ELY – The city of Ely is moving forward with efforts to sell the landmark Community Center after a year of unfruitful negotiations to develop a job-creating data center quietly expired last …
ELY – The city of Ely is moving forward with efforts to sell the landmark Community Center after a year of unfruitful negotiations to develop a job-creating data center quietly expired last week.
City Council members and the mayor reluctantly accepted the fact that their highly-publicized plan, details of which were mostly kept secret, would never pan out, and directed Clerk-Treasurer Harold Langowski to meet with the Community Center Foundation to try to forge a plan to sell the building.
Minnesota Data Centers LLC convinced the council that they needed a year to come up with a business plan and to renovate the building to suit their vision to develop a high-tech data storage center. The council granted an exclusive rights agreement. Many closed-sessions were held to discuss negotiations strategies, but ultimately no plan ever materialized.
The Chicago-based investors group submitted a mere $100 offer to purchase the building. The city of Ely was looking for something in the neighborhood of a half-million dollars that was closer to the assessed value of the building by the St. Louis County assessor. Council members pressed for more specifics on the group’s intentions. No plan was ever put on the table.
Putting his best spin on the situation at last week’s council meeting, Mayor Chuck Novak said, “I hate to see this go away, but maybe this will open the door for better things for the Community Center.”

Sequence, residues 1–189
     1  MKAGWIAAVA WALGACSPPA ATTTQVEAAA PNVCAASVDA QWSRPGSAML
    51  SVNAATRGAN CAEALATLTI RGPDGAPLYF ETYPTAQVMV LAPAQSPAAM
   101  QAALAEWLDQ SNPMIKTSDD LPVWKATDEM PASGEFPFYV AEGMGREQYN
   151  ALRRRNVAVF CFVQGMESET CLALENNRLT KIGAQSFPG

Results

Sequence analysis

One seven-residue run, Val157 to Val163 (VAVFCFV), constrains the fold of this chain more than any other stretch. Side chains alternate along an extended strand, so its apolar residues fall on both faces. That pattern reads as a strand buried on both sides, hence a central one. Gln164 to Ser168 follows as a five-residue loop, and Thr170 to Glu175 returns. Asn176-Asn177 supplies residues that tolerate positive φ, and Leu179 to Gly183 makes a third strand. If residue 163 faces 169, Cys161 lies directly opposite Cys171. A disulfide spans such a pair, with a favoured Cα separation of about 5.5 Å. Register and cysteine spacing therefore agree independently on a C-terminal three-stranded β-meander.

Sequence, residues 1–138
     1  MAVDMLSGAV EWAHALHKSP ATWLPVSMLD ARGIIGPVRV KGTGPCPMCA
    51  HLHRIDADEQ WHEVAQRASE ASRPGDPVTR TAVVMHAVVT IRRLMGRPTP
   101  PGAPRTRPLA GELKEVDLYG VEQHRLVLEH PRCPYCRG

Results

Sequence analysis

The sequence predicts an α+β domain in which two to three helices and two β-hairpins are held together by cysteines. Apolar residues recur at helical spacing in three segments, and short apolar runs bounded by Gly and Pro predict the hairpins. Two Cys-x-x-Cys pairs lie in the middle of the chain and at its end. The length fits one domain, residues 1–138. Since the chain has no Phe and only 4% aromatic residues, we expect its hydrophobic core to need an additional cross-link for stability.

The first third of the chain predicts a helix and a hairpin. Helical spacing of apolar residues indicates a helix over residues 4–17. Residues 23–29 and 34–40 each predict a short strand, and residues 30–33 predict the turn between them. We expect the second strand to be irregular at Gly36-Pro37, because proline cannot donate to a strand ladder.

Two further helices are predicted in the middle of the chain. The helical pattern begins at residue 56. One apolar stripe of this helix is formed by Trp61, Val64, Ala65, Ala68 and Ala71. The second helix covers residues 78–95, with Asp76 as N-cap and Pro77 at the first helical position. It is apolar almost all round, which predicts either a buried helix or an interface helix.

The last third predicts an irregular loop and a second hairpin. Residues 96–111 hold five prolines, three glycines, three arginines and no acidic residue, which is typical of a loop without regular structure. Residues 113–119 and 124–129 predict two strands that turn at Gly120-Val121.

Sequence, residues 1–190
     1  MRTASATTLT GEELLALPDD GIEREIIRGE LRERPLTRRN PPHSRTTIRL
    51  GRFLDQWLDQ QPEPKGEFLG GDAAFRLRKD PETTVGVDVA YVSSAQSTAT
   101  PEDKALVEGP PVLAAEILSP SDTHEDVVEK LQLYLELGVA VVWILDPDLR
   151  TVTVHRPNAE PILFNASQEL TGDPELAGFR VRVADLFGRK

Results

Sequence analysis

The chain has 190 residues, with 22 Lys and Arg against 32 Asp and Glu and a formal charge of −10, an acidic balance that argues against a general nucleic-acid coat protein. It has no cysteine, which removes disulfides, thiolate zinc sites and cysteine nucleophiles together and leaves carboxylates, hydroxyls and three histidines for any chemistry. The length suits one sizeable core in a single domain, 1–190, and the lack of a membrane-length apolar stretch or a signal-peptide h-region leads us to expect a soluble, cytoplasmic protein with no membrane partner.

Meanwhile, the architectural jewel, built in 1938 during the Depression with funding from the F.D. Roosevelt Administration’s Public Works Administration, continues down a path which could end in a slow and undignified death. After a couple of years of life-support, the city of Ely plans to turn the heat off in the building this winter because of the cost of maintaining the antiquated steam-heating system. Officials promised to “keep the lights on” until the end of 2017.
Langowski and members of the CC Foundation met last Thursday to look to the future. To begin with, Langowski gave a stark assessment of the condition of the interior of the building. “Last winter we had some steam line failures and those failures caused a lot of water damage in some areas of the building. To continue to heat it will continue to cause more damage. Heating the building isn’t going to help.”
He said the heating system valves and fixtures have been removed and the water has been drained out of the pipes. “The boiler is drained and the water line has been shut off,” he said.
The city does not have an appraisal on the building. The assessed value of the building, $492,000, was used to establish the value of the building to leverage other funding sources, according to Langowski.
“I think the next step is to have an appraisal done on the building,” Langowski said. “That is the only way we are really going to set a value on it to put it on the market and list it with a realtor.” He suggested soliciting proposals from area realtors to list it to sell it.
Community Center Foundation member Celia Domich said she would like to talk with developers about marketing the building before turning the process over to a third party. “We could tap those people, like John Ott and some of the real estate people in town and find out what they would do to market this kind of building,” she said.
Langowski stressed that an appraisal on the building is needed before any steps are taken. “They look at market, comparables and similar sales in the area,” he said.